The movement to form collaborative care is part of a sea change happening in the health care system, an expert says. “A lot of these [ACOs] are signals that health care delivery has to change and financing has to change to encourage that,” Stuart Guterman, vice president and executive director of The Commonwealth Fund’s Commission on a High Performance Health System, a health care policy think tank, tells The AIS Report. “[ACOs] offer providers and payers a way to share savings from doing things better.”
“They are attractive to payers and providers looking for ways to reduce costs — and no matter what happens in the election, there is a sense the health care system has to change, and people don’t want to be the last ones in or the ones left out,” Guterman adds.
He points to the work being done in Massachusetts as a prime example of how ACO principles are gaining currency. The Alternative Quality Contract (AQC) offered by Blue Cross Blue Shield of Massachusetts is proving successful in its first three years in controlling medical costs, and was the template for the state’s new cost-control law signed in July (The AIS Report 8/12, p. 1). “The AQC is similar to ACO concepts and targets spending rates with providers being rewarded for better quality,” Guterman says.
Aurora Health Care, a not-for-profit provider in Wisconsin treating 1.2 million people per year, formed two ACOs with two different insurers in the last month. Both of the arrangements wrap insurance products around the ACO and target small- to mid-sized Wisconsin employers and self-insured organizations. On July 25, Aetna Inc. and Aurora said they were launching the Aurora Accountable Care Network, and on Aug. 15, WellPoint, Inc.’s Wisconsin Anthem Blues and Aurora said they would offer Blue Priority.
John Ulness, owner of Ulness Health Insurance and Wellness, is an insurance broker in the Wisconsin market who sees potential for the new Aurora-Anthem offering. “The Wisconsin individual, small and large-group health insurance marketplace is very dynamic with over 20 competing health insurance companies. The Anthem agreement to work closer with the Aurora Health Care system is a positive step to find better ways to control costs and deliver better value,” he tells The AIS Report.
The Aurora-Anthem ACO offers a specific price guarantee to each employer, with the potential for an average 10% reduction based on the employer’s past claims expenses, the companies said (see box, below).
“The 10% reduction in the past three-year growth rate is a starting point, but employers have seen the HMO model before and will want to see more,” Ulness says. As an example, he notes that employers are looking for greater information on cost and quality to help engage employees who have higher-deductible account-based plans make informed decisions.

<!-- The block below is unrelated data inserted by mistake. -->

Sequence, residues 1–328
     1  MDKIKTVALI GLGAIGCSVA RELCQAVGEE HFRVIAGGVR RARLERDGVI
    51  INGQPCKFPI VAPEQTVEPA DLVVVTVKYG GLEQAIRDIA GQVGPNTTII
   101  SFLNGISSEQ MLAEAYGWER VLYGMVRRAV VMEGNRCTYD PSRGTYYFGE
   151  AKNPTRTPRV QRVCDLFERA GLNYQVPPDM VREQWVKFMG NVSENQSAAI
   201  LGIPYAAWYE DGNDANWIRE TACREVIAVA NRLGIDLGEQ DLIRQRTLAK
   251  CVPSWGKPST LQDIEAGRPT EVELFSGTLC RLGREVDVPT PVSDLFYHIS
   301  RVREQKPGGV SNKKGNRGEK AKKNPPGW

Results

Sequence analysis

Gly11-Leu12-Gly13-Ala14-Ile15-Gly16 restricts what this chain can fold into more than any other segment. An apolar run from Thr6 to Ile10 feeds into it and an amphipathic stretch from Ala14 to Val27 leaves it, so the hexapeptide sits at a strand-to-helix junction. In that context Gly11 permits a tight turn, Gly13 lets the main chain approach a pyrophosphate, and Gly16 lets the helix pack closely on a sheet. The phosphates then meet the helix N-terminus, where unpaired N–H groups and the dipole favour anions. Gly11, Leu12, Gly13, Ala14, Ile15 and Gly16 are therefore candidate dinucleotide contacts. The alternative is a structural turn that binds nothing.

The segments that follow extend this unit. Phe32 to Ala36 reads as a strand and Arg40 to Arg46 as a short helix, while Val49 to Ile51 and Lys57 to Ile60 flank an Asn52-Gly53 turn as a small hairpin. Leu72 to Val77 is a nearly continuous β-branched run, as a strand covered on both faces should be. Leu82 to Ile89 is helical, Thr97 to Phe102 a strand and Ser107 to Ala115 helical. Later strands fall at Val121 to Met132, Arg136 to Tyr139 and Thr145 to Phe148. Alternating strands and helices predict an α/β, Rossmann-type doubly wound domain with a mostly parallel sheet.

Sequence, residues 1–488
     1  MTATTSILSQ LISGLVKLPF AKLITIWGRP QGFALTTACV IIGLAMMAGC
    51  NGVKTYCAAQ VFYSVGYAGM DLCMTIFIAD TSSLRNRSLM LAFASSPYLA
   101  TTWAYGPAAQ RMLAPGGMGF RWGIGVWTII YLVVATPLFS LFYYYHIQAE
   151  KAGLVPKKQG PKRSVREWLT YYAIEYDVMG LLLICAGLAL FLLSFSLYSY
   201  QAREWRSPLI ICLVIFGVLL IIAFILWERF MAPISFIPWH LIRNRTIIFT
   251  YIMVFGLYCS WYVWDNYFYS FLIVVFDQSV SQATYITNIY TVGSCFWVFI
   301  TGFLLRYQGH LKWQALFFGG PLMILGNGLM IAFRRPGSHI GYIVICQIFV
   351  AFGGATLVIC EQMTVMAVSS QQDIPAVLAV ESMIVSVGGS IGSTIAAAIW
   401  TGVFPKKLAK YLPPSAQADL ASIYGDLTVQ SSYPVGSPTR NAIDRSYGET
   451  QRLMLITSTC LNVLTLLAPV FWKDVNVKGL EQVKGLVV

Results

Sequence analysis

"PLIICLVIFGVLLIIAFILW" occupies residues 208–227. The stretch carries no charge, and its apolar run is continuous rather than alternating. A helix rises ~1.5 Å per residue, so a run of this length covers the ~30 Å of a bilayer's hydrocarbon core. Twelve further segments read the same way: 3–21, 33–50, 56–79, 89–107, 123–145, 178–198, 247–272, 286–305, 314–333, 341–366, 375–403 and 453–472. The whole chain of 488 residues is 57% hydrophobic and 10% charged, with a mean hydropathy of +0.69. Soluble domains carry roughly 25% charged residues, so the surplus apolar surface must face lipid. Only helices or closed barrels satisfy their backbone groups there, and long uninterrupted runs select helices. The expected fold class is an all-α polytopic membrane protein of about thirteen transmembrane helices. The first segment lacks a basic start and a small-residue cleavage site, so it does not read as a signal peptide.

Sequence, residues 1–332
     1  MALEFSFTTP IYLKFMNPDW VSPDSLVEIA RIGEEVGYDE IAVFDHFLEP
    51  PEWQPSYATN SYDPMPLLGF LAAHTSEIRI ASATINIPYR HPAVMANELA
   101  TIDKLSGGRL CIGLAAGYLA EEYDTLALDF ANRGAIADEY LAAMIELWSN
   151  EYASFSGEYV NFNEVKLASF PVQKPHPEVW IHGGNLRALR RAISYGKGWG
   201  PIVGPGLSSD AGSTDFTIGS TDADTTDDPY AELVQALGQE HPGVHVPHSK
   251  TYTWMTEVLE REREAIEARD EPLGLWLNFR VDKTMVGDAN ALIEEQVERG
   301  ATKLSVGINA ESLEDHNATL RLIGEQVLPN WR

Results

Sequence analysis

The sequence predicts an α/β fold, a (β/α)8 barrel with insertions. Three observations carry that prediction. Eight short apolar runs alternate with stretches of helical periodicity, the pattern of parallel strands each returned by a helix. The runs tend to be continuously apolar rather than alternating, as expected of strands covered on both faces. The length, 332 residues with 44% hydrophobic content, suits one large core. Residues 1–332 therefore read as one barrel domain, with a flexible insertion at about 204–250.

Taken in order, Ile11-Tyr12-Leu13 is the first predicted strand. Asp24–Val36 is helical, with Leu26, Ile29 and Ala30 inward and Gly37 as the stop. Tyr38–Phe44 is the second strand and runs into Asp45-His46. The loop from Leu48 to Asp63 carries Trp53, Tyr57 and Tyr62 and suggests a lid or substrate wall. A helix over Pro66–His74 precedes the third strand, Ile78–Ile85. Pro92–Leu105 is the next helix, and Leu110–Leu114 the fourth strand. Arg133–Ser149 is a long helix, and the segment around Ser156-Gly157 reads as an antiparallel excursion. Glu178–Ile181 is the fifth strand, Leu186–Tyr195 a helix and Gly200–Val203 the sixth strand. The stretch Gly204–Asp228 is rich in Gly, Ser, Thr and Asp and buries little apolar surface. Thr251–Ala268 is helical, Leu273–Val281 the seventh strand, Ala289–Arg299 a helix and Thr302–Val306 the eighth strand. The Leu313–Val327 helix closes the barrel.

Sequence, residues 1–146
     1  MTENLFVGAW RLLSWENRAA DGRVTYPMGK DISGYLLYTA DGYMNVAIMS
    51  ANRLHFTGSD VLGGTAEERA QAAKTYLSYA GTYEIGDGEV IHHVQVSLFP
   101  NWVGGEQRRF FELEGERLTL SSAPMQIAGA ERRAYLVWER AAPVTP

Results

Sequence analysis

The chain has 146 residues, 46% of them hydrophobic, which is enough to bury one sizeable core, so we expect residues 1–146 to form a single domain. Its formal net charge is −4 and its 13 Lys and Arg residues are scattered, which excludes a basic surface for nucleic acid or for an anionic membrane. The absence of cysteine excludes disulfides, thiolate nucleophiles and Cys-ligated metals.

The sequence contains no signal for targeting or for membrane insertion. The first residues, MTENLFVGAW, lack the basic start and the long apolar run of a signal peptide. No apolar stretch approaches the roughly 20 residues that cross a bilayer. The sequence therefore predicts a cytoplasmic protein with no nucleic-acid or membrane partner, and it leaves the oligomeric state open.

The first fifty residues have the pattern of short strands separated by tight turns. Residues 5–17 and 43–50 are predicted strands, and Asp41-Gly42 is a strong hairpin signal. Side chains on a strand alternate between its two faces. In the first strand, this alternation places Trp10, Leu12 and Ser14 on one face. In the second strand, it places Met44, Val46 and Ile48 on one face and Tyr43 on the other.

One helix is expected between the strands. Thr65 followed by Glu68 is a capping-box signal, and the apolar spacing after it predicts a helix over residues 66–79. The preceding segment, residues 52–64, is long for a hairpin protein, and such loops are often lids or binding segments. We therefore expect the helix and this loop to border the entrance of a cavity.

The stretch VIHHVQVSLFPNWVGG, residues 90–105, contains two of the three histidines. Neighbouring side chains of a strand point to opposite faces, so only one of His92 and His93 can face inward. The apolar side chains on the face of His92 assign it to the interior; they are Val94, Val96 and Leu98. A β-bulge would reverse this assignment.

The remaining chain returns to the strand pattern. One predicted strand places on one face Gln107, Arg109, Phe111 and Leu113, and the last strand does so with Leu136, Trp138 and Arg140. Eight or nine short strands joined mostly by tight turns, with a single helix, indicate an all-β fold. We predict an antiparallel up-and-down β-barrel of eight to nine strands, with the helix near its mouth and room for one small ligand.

“Employers want to know what insurers are doing to help employees and their families to improve health and lower cost,” Ulness adds. “Pulling providers into the risk arena is a big step to work together for better solutions.”
There are challenges, however, for the Aurora-Anthem partnership. One is how to effectively engage employees and dependents. “Greater results are possible by working in tandem with the employer and their benefit advisor in day-to-day communications, education, technology, benefit plan design and implementation. The one thing that Anthem and Aurora want to avoid is doing the same thing in a closer partnership and expecting different results. Employers want to see long-term health reform solutions that get at the root cause of higher costs,” Ulness says.
The best attribute of Anthem and Aurora’s collaboration is the commitment to the employer and plan members, he adds. “The 10% reduction in future growth rates is a positive number to build stronger relationships and strive for greater savings. Many employers in Wisconsin are moving to account-based plans along with robust wellness programs to engage employees in their health and health care. The marketplace is very active,” Ulness says.
“Everyone knows we need to change, and the more we learn about the Affordable Care Act, it appears that 2014 could produce a big surprise of even higher costs. That fear has many working to find better solutions,” he adds.
© 2012 by Atlantic Information Services, Inc. All Rights Reserved.